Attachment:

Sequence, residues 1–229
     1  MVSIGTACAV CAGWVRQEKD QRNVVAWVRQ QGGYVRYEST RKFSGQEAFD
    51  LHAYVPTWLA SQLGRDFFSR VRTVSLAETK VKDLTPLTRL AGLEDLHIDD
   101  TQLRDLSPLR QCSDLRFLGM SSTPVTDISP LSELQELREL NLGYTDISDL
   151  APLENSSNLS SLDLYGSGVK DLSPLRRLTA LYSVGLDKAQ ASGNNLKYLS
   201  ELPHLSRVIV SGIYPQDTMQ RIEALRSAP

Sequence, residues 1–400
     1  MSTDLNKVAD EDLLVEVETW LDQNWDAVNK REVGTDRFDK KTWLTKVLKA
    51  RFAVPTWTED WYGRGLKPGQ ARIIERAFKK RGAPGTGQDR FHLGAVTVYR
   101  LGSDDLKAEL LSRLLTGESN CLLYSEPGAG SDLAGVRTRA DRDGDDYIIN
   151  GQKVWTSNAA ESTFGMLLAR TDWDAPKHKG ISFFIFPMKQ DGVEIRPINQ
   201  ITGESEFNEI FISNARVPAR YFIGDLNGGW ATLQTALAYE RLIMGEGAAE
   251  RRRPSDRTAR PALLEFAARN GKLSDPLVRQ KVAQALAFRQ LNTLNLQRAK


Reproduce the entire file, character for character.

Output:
Sequence, residues 1–229
     1  MVSIGTACAV CAGWVRQEKD QRNVVAWVRQ QGGYVRYEST RKFSGQEAFD
    51  LHAYVPTWLA SQLGRDFFSR VRTVSLAETK VKDLTPLTRL AGLEDLHIDD
   101  TQLRDLSPLR QCSDLRFLGM SSTPVTDISP LSELQELREL NLGYTDISDL
   151  APLENSSNLS SLDLYGSGVK DLSPLRRLTA LYSVGLDKAQ ASGNNLKYLS
   201  ELPHLSRVIV SGIYPQDTMQ RIEALRSAP

Sequence, residues 1–400
     1  MSTDLNKVAD EDLLVEVETW LDQNWDAVNK REVGTDRFDK KTWLTKVLKA
    51  RFAVPTWTED WYGRGLKPGQ ARIIERAFKK RGAPGTGQDR FHLGAVTVYR
   101  LGSDDLKAEL LSRLLTGESN CLLYSEPGAG SDLAGVRTRA DRDGDDYIIN
   151  GQKVWTSNAA ESTFGMLLAR TDWDAPKHKG ISFFIFPMKQ DGVEIRPINQ
   201  ITGESEFNEI FISNARVPAR YFIGDLNGGW ATLQTALAYE RLIMGEGAAE
   251  RRRPSDRTAR PALLEFAARN GKLSDPLVRQ KVAQALAFRQ LNTLNLQRAK